Sunday, November 22, 2020

N.L. fisherman shocked to catch a long-nosed chimaera

CBC News brings you the fantastic story about Garry Goodyear fishing for turbot on the Grand Banks of Newfoundland and Labrador when he hauled in a rare long-nosed chimaera. The fisherman says he's never seen anything like the weird creature.

Turbot is an interesting fish. The turbot (Scophthalmus maximus) is a relatively large species of flatfish in the family Scophthalmidae. It is a demersal fish native to marine or brackish waters of the Northeast Atlantic, Baltic Sea and the Mediterranean Sea. It is an important food fish. Turbot in the Black Sea have often been included in this species, but are now generally regarded as separate, the Black Sea turbot or kalkan (S. maeoticus). True turbot are not found in the Northwest Atlantic; the "turbot" of that region, which was involved in the so-called "Turbot War" between Canada and Spain, is the Greenland halibut or Greenland turbot (Reinhardtius hippoglossoides).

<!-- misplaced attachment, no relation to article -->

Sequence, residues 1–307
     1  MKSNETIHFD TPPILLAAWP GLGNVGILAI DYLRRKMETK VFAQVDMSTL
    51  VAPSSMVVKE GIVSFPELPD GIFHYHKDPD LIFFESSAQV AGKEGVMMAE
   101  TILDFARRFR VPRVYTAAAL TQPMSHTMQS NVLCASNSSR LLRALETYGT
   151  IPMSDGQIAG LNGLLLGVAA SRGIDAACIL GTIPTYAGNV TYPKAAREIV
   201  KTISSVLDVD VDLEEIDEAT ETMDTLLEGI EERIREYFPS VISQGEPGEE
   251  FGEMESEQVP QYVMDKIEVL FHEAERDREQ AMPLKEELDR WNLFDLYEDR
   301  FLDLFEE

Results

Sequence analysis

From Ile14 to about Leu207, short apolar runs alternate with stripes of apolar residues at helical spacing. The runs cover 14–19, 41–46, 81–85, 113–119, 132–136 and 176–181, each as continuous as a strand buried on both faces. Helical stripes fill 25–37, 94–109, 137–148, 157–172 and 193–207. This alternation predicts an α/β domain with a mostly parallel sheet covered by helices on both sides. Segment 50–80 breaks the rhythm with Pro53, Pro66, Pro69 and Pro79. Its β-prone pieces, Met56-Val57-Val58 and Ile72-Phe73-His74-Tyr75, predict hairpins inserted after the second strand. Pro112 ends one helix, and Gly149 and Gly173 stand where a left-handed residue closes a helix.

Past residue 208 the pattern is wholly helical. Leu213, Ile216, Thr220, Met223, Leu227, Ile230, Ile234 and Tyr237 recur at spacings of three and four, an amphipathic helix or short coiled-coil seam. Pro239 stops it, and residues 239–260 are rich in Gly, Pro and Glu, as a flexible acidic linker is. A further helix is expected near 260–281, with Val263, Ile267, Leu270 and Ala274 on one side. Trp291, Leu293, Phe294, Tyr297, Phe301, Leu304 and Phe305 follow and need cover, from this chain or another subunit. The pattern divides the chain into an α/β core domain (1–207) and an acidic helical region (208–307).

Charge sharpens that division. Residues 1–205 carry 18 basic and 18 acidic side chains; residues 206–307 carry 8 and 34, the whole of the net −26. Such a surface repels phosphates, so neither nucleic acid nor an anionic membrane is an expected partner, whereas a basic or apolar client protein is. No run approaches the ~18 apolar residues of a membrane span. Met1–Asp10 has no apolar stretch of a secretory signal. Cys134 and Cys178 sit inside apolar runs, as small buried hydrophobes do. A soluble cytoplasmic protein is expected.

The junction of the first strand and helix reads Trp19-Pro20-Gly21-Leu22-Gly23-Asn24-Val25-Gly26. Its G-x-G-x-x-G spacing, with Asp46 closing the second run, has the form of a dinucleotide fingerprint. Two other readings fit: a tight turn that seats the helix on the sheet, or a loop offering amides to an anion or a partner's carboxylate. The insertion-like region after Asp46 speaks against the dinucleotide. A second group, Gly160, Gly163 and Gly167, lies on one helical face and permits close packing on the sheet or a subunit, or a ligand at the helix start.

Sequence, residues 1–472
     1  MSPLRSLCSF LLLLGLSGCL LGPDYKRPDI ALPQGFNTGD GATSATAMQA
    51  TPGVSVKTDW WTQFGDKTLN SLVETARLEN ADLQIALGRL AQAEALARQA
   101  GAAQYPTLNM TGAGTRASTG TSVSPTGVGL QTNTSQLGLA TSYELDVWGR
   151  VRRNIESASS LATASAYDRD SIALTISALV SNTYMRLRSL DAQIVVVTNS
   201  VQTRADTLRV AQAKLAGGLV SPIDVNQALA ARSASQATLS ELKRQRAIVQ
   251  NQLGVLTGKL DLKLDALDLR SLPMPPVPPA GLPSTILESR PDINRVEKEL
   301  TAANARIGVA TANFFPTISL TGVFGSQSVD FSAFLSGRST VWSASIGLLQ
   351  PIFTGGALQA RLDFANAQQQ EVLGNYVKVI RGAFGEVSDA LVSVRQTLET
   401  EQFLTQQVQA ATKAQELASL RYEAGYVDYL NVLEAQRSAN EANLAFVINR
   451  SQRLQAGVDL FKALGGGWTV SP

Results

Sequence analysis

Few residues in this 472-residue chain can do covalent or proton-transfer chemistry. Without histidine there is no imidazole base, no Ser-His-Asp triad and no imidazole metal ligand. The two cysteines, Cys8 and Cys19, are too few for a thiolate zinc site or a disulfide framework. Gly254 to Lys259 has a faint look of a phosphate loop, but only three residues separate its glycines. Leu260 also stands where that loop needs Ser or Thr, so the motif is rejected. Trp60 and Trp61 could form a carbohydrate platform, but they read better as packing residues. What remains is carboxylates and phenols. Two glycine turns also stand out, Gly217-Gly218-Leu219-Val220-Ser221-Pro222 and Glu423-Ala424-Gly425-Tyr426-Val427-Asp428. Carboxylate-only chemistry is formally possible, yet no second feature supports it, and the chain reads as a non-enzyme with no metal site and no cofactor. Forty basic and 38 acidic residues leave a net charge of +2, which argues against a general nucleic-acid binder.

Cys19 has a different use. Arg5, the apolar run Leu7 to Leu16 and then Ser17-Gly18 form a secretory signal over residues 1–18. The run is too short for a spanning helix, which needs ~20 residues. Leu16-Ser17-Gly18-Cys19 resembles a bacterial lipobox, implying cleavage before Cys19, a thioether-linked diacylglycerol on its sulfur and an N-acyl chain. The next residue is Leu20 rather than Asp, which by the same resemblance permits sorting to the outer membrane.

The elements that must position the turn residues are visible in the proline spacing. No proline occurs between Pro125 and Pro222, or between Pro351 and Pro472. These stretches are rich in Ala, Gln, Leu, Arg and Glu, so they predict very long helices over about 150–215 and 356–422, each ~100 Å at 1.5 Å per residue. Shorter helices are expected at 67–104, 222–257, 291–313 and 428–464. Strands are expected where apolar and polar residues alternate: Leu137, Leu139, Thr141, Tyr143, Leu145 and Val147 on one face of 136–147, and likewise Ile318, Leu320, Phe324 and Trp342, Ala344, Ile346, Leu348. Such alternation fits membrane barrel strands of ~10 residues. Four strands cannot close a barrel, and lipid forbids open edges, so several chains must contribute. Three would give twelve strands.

The Rhinochimaeridae, commonly known as "long-nosed chimaeras", are a family of cartilaginous fish. They are similar in form and habits to other chimaeras, but have an exceptionally long conical or paddle-shaped snout. The snout has numerous sensory nerve endings, and is used to find food such as tasty small fish. The first dorsal fin includes a mildly venomous spine, used in defense. Long-nosed chimaeras are certainly found in temperate and tropical seas worldwide, from 200 to 2,000 m (660 to 6,560 ft) in depth. These fantastic creatures range from 60 to 140 cm (2.0 to 4.6 ft) in maximum total length, depending on species.

What is cartilaginous? ZOOLOGY - (of a vertebrate animal) having a skeleton of cartilage.

Cartilage is certainly a resilient and smooth elastic tissue, a rubber-like padding that covers and protects the ends of long bones at the joints and nerves, and is a structural component of the rib cage, the ear, the nose, the bronchial tubes, the intervertebral discs, and many other body components.

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